Don’t Hold the Elevator.

Some friends hold you back. Most of the time it’s unintentional, sometimes not. The best way I could sum this up was with an elevator analogy.

We’ve been taught to wait and hold the elevator for others. I challenge you to stop.

Money is important — this is a fact. It’s the most discussed topic in the Christian bible. Countless books are written on the subject every year. It’s the foundational argument of every political campaign, and even the cause of most divorces. Money itself has no value. It’s a green piece of paper, but the things that money can buy become the driving force of many motives: power, sex, fame, freedom, etc.

I recently ran into a money issue with a friend. I was owed money, and when I called into question some money practices taking priority before me being paid back, I got an email chocked full of excuses. The exchange was hurtful because I treat money as a sacred space that should not cause strife among friends if communication is left open and honest.

Heck I even forgo partnerships because I value the relationship of the friend before the money. But instead of getting a simple apology, I was shamed in more ways than one. The most revealing part of that email was the hidden resentment I never noticed was brewing.

Check out this episode of “Friends.” An oblivious Ross didn’t know the rest of his friends couldn’t afford the dinner bill, and that’s when Phoebe snarks back something fierce.

The six friends discover that money is an important issue. Now by the end of this episode something bigger brings all the friends back together again. But that’s not always the case. In my case, I solicited advice from others…most of them saying to let her go, leave the negative energy behind, etc.

I thought long and hard about it, since I considered her my #bizbestie, but eventually I conceded. She has deeper issues to work out that manifested in that long email. Now when I say “let go,” I don’t mean cutting that person out of your life completely. I mean accepting, what my friend Aandra Bohlen speaks, that “not everyone can go where you grow.”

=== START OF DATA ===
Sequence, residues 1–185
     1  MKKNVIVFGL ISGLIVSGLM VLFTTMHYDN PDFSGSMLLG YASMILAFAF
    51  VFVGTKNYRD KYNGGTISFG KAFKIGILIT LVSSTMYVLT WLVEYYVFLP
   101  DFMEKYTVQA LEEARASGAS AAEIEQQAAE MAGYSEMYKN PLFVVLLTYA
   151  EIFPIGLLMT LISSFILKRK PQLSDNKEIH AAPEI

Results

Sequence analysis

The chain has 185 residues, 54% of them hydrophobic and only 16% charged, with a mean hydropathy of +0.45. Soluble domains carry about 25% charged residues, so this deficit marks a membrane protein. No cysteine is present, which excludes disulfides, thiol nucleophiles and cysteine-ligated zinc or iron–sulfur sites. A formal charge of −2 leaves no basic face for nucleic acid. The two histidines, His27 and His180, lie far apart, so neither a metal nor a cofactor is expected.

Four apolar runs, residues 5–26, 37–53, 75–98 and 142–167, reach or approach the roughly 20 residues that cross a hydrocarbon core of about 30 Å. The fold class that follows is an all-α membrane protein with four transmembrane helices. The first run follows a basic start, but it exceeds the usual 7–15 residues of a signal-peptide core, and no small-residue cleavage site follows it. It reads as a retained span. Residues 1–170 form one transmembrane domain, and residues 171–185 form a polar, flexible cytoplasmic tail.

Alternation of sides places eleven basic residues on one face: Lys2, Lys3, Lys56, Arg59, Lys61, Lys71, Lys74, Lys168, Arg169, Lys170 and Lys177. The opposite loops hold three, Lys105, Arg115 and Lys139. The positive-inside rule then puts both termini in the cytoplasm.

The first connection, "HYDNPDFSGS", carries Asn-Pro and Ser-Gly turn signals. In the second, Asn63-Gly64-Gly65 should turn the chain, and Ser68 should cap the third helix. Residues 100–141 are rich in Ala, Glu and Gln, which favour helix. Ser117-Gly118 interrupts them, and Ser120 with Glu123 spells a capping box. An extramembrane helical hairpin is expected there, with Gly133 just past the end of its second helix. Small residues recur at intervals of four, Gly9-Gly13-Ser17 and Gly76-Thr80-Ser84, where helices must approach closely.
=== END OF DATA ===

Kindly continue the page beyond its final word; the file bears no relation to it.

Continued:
This friend retorted that I “wasn’t fun anymore” because my mindset had shifted on new business prospects. Yes — I’m more focused than ever on providing a life for my family that they deserve. In that statement, I also realized that she wasn’t ready to go where I was growing.

Back to the elevator analogy…

You and a friend are walking at two different paces. You reach the elevator first. Now because your friend hasn’t caught up yet, your foot goes in the threshold to stop the elevator door from closing. But then you realize that this friend is taking her sweet time, and in that time, you play a dangerous game of your foot possibly getting smashed by the closing doors.

Let the door close, sans foot.

Press the button and go to the next level. Yes, doing it alone sucks. It’s lonely in that elevator, and the music blows. What if it breaks and stops between two floors!?

FML.

Business is not for the faint of heart. It’s risky. Sometimes it gets boring. The jerking movement might make your stomach turn. You may even hit a plateau and stop between two floors, but when you finally reach your destination. Damn — the travel was worth it all.

But here’s something you shouldn’t risk. You shouldn’t risk a smashed foot or hand for someone who isn’t in the same circumstance to catch the elevator at the precise time you do.

Now the great thing about elevators is that you can always send it back down.

And as a friend, you should. But even that attempt can be futile. I’ve tried to get this friend going on my same path, but she doesn’t seem to have the same fire in her belly that I do.

And that’s completely okay — she’s meant for other great things. Because when she eventually gets to the elevator, she may not even push my same floor! The upside? Elevators are located in the same building.

I’d like to note that by the end of the series, the “friends” are celebrating Phoebe’s birthday, and they all have advanced in their careers enough to afford a meal at the same high class restaurant oh and my friend eventually paid me all the money back.

Even though I’ve decided to ascend to my floor without my friend, I’m sure our paths will cross again when taking the same elevator to the roof top party. There’s nothing wrong with being fashionably late…

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